Pablo Escobar, the world’s most famous drug smuggler, was finally found and killed by the Colombian police on 2 December 1993. Among journalists everywhere he was popular to the end. Most of the reports of his death invoked Robin Hood, and spoke of the mourning of the Medellín poor; and many local people did indeed turn out for his funeral. It was reported and photographed – cries of ‘Pablo, Pablo’, vengeance in the air, grieving sister dressed in black with elbows on coffin – so as to make Medellín appear as much as possible like some people’s idea of Sicily. Most of the expressions of admiration for Escobar, however, should be attributed to a willingness to live up to the questioner’s expectations, or to the Colombian habit of mamando gallo, or keeping one’s end up by saying and doing disrespectful things. The funeral was obviously an occasion not to be missed. A good turnout was not necessarily evidence of grief, but of a readiness to keep in their place authorities who might otherwise think that they had achieved something for which they should be congratulated. Congratulating governments has not figured much in the local political culture, and the national government has not been particularly popular in Medellin in recent years.

In any case, Escobar ended up much more like the Sheriff of Nottingham than Robin Hood – with much more murder to his credit and much less largesse. His victims can be split into a number of groups: rivals, intransigent officials and politicians, over four hundred members of the Medellín police, guerrillas, revolutionaries and peasants who got in the way and were massacred by mercenary paramilitaries, and several hundred innocent bystanders. The largest group, however, is of those killed less directly by the drug trade and the increasing violence that accompanies it. There are no precise figures for drug-related homicide in Colombia, but there is a clear correlation, both chronological and geographical, between the development of the trade and the statistics of violent death. To take a recent example, the spread of amapola, a poppy grown for heroin, has turned a number of previously somnolent small highland towns into miniature Medellíns. Most of the victims are unimportant people, many of them unnamed. In Medellín there are thousands of such casualties. These people had families and friends, who are probably not now mourning Escobar.

For a time Escobar seemed to have a political project in mind. He figured on a local Liberal Party list in the not very glorious position of substitute member of the Chamber of Representatives. The Medellín cartel’s leading figure in the central Department of Cundinamarca, Gonzalo Rodríguez Gacha, known as ‘the Mexican’ because of his liking for that country, actually had himself elected to the municipal council of Pacho, the centre of his operations. Perhaps it is a heartening feature of the Republic’s politics that even such grandees of the drug-trade felt that they had to start near the bottom. Apart from their tendency to gratify every caprice, it is not clear why they bothered: these positions gave them no additional power and precious little respectability.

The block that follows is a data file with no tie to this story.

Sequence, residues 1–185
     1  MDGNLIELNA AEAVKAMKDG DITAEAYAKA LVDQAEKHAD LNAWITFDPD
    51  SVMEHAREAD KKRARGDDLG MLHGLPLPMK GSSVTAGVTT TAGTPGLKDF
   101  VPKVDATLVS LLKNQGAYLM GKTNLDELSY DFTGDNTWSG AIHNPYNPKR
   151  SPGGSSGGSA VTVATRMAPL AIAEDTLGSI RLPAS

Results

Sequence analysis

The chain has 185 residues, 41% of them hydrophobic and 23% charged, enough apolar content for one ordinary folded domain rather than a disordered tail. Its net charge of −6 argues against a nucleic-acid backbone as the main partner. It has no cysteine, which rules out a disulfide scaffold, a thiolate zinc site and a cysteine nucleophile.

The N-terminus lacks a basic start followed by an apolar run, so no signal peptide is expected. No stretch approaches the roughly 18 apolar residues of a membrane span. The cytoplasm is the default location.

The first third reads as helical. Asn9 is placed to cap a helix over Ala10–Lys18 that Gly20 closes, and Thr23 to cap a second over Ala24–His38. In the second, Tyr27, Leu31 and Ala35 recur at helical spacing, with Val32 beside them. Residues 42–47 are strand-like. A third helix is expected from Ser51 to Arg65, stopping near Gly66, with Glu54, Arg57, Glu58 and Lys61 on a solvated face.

Escobar declared on one occasion that his fortune ‘had a social function’, a phrase taken from a famous Liberal amendment in the Thirties to the Constitution of 1886. He predictably cast himself as a nationalist and, in later letters which he sent to the Government, as a defender of his Department. The Medellín police, mostly drawn from elsewhere in the country, were foreigners, he declared, from whom the young of the region must be protected. Escobar’s mind worked well enough in providing him with rationalisations for his activities. When he was fighting his wars, he felt the need to portray his opponents as ignoble, corrupt, basely motivated and treasonable – no ‘social function’ for them.

This was hardly a political project, however. What was more apparent in Escobar and Rodríguez Gacha was a limitless appetite for domination. Rodríguez Gacha was a compulsive land-buyer: his offers could not be refused and sellers were lucky to be paid more than the first instalment. Some explain his purchases as forming strategic corridors related to the logistics of his business, of the various flows of drugs and chemicals and arms; but it is more likely that he wished to be lord of all he surveyed, and as he surveyed from a helicopter the boundaries were set wider and wider. He even toyed with the idea of assassinating President Bush, when he made a brief and heavily protected visit to Cartagena. It would have pleased Rodríguez Gacha to know that a mariachi band performed at his wake (following his death at the hands of the police in December 1989), and sang one chorus which goes something like ‘Si logró hacerse un personaje nacional’ – ‘Yes, he did make himself a national figure.’ Both men, incidentally, adhered to family values. On his final run from the police Rodríguez Gacha feared that they had tracked him by following his favourite son, while the telephone calls that gave Escobar away were made to his wife.